By: Scott Souders
In all the places I have lived, it seems there is always one house somewhere nearby with way too many people living there. Neighbors probably thought the same about my house growing up with eight of us, and just as many cars, sometimes parked out front!
In my apiaries I have witnessed a similar imbalance at times. Some colonies grow larger with bees gained from neighboring colonies, while other colonies grow weaker as they lose their populations. Beekeepers attribute this to “drifting” and try to avoid creating conditions that cause it. Honeybee drift is common when hives are located close to each other but can also occur over greater distances.
Several factors can play into why a bee ends up at a different hive and is allowed entrance or permitted to stay. Sometimes it is accidental. Ever watched a slow motion video of foraging bees coming in for a landing full of nectar and pollen? It can be quite comical – bees bobbing around, looking drunk and unsteady, and running into each other while trying to land. Hard enough when they’re at the right door. Now add some prevailing winds to the mix and suddenly they’re on another porch!
Long lines of hives tends to encourage drifting.
Bees fulfilling a guard role are usually the first to greet drifters. Chemical signals on the drifting bee with a close match to the guard bees own hive, can pass the test and in they go. Available resources can also be a factor. Full resources in the hive can give some complacency to the guards, whereas an in inadequate supply of pollen and nectar availability in the forage area can lead to guards challenging more and aggressively defending what resources they already have. Foragers bringing much needed resources to a foreign hive are also apt to be admitted. Once inside a new hive, a drifting bee begins to take on the pheromones and chemical signals of the new hive thus being less likely to be challenged on subsequent foraging trips.
Sometimes bees will leave one colony behind and move to another on purpose. Pests and diseases may trigger a population of bees to abandon their colony and seek out another. Accepting these drifting bees into a healthy colony could then spread those same pests and diseases. This is a good reason to try and prevent drifting.
According to many studies, worker bees tend to drift more during their orientation flights and before foraging regularly. Drones seem to drift much more frequently than workers. When raising queens, drifting can be a big concern. Queens returning from mating flights risk entering colonies that already have a queen if unable to locate their own colony. This could lead to a potential loss of a queen should a fight ensue.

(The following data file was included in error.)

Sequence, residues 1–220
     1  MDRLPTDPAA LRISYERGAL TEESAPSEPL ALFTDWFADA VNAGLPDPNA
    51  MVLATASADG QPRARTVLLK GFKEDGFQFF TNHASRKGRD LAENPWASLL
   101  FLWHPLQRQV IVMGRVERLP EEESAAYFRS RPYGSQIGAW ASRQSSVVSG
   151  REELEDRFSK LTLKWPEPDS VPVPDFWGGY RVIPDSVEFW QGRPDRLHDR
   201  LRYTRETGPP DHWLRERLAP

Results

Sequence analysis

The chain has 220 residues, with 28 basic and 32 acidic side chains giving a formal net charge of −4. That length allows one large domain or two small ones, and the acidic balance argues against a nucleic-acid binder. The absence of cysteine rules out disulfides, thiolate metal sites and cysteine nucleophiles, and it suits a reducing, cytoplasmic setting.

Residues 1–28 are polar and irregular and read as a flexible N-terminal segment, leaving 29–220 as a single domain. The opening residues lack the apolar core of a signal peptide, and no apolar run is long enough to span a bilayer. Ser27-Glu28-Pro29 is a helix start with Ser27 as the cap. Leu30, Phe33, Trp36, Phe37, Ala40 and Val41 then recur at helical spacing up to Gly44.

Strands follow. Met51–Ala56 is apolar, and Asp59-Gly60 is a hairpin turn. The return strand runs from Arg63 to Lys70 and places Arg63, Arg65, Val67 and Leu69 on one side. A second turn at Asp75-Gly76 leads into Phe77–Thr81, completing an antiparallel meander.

So how can you help prevent bees drifting into other colonies? One way is by controlling the placement of hives. Long straight lines can make it difficult for bees whose colonies are situated in the middle; distinguishing which one is theirs when the hives look the same. While placing hives in lines may be aesthetically pleasing to the eyes and can provide for simplified maintenance paths (both of which the author is guilty as charged for implementing,) foraging bees can over time drift towards the hives nearest to the ends as they are easier to identify. Steps can be taken to break up the pattern presented to foraging bees by painting neighboring hives with different and contrasting colors; breaking the line with gaps between groups of hives or using natural landmarks to break up the line. Anything to provide a reference point for the bees to locate their home.
A couple of years back I was experiencing a drifting issue with a run of five hives. Placing an upright section of a log cut from a downed tree in front of the middle hive made all the difference and remedied the issue. If mitigation efforts are exhausted and don’t seem to be working with drifting taking place consistently one-way, use the stronger colony to manually balance your apiary out by supplying weaker colonies with its resources. In other words, share frames of bees.
If you’re interested in seeing what drifting may look like in your own apiary here is a simple experiment to conduct in the spring. Take a queen marker pen and mark a few dozen drones. Over the following days and weeks you may see the drones show up in nearby colonies. Some may even show up in a nearby beekeepers colonies. Reach out to them and let them know to be on the lookout and give you some feedback if they see your drones. Numerous studies have been conducted on the topic of drifting. So many in fact that listing a few here would seem to be an injustice to the others. The experiments taking on pairs of hives vs. rows of hives, different hive formations, entrances that are offset or different colors and orientation - direction of drift as relative to the compass, propensity to spread diseases or parasites, drone vs. worker drift, and age of drifting bees are just a few examples. Charts, diagrams, percentages and lots of bedtime reading can to be found.
Like all things beekeeping - yep you guessed it - lots of differing results and opinions! That is not to say that there can’t be some truth in all of them. At the end of the day being a good steward to the little ladies in your charge by paying attention to what is going on both inside and outside your hives - understanding what you see and what that means for the near future of your colonies, then you can take steps to mitigate drifting in your yards.